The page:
Kent State alumna Tessa Reeves doesn’t have to travel across the world to help refugee families who have fled cultural persecution. She’s created meaningful work for some of them right in their Akron resettlement area—and she plans to expand the business.
By Lauren Rathmell ’17
Photographs by Melissa Olson
“I’ve missed them so much,” says Tessa Reeves, B.S. ’13, heading to the door to greet three employees of her small clothing company, Neighbors Apparel, with hugs.
With a full-time job as a corporate merchandiser, Reeves hasn’t seen the women—Karen [pronounced Ka-rin] refugees from Burma and Bhutanese refugees from Nepal—in about a week, which is too long for her.
“I’m not comfortable just telling them what to do when I’m not here,” Reeves says. “I want to be more like their friend than their boss.”
In a small, light-filled room at Urban Vision—a Christian ministry housed in a repurposed church in Akron’s North Hill neighborhood, a refugee resettlement area—the women spend their mornings sewing apparel and accessories for the 2-year-old business, often after working the night shift until 2 a.m. at their factory jobs.
For now, the women of Neighbors Apparel only work as needed, from 9 a.m. until noon most days. But the long-term goal is to build a profitable business and employ the women 40 hours a week doing something they love.
Using fair-trade fabrics sourced from Thailand, the women create contemporary fashions with a cultural flair that are sold in about 20 local Ohio shops, as well as on the website, www.neighborsapparel.com. The biggest sellers are infinity scarves and T-shirts with fabric patches in the shape of Ohio.
Head seamstress Ka Naw’s sewing skill allowed her to make an income while living in refugee camps in Thailand before she resettled in Akron, and she has trained several women who work at Neighbors Apparel.
“I don’t really sew,” Reeves says. “The women make this beautiful product. I just get to sell it, market it and run the website—but they are the true talent.”
Managing a start-up clothing business wasn’t what Reeves had in mind when she was studying fashion merchandising at Kent State.
“My junior year I interned at Elle magazine, working in their fashion closet, and it was great,” she says. “Once I was done with my internship, I couldn’t justify leaving New York City, because I felt I was on the cusp of my career.” So she stayed and landed a coveted internship at Vogue magazine, a fashion student’s dream.
But three weeks into working there, Reeves had a life-changing moment. “An intern lost an $11,000 dress in Manhattan, and people were running around like chickens with their heads cut off,” she says. “This missing dress was getting much more attention than the serious social problems happening right outside our doors. And I thought, I can’t give my life to this.”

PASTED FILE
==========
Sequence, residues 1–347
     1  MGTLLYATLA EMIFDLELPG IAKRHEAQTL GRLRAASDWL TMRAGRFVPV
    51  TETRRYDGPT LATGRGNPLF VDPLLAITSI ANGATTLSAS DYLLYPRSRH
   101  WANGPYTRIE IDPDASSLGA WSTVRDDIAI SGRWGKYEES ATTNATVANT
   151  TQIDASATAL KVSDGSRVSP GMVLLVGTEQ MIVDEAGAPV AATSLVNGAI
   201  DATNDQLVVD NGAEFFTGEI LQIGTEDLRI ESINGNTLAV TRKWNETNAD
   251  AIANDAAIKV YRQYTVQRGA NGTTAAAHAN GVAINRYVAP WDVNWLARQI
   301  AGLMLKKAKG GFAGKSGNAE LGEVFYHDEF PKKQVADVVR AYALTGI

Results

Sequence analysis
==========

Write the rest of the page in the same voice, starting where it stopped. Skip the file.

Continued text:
She finished out the week, then sat in a coffee shop for three hours that Sunday, praying and re-reading the email she’d written that would sever all ties with Vogue and Condé Nast before she hit send.
Back home in Ohio, Reeves completed her senior year at Kent State while volunteering at Urban Vision, drawn to their community development mission. It was her first introduction to Akron’s refugee community, and she quickly grew to love the neighborhood outreach. “I basically begged them to give me a position, I didn’t care what it was. I just knew I needed to be here,” Reeves says.
The leaders at Urban Vision knew of refugee women in the community who had a knack for sewing, and they wanted to incorporate those skills and help out the neighborhood families. “They offered me seed money and a space to start a business,” says Reeves, who was just about to graduate. “That’s when it all started coming together for me.”
“Our goal is to create employment opportunities for refugee women.”
With the help of Rodney Matthews, executive director of Urban Vision, and some online resources, Reeves came up with a business plan. She waitressed for 18 months while getting the business going, then took a full-time job to help pay back her school loans.
Although her 9-to-5 job keeps her occupied most days, Reeves hopes to be able to dedicate more of her time to Neighbors Apparel in the near future. “The women value relationships,” she says. “They don’t just want to show up, work and leave. They want to have a relationship with me. I would go back to waitressing if need be to make this work.”
It doesn’t look like she’ll have to do that. Reeves went through a 9-month program with SEAChange, a Cleveland-based social enterprise accelerator, and she was awarded $30,000 at a pitch contest they sponsored in May. She says it’s a “game changer” for Neighbors Apparel.
“It’s great validation for us,” Reeves says. “As a 25-year-old, it’s awesome to know that people think you can turn $30,000 into something bigger. I know how vast the fashion industry is. So why not build our brand as a for-profit business to support even more women?”
Along with expanding the business, Reeves hopes to educate Americans about refugees by connecting the products with real stories about the hard-working women who make them and want to contribute to their communities.
And besides hiring an official designer, she plans to go part-time at her current job so she can spend more time at Neighbors Apparel. “The women were happy about the grant,” Reeves says. “But I think they were mostly excited that I would be coming back to work with them.”
Head seamstress Ka Naw has been sewing ever since she was a young girl in Burma. She was the first employee at Neighbors Apparel, bringing her sewing machine with her. “At first we stuck with simple designs, but Ka Naw would suggest something I hadn’t even thought of,” says Tessa Reeves, founder of Neighbors Apparel. “It truly was a collaboration. Eventually we were able to purchase more sewing machines, but she still prefers her old one!”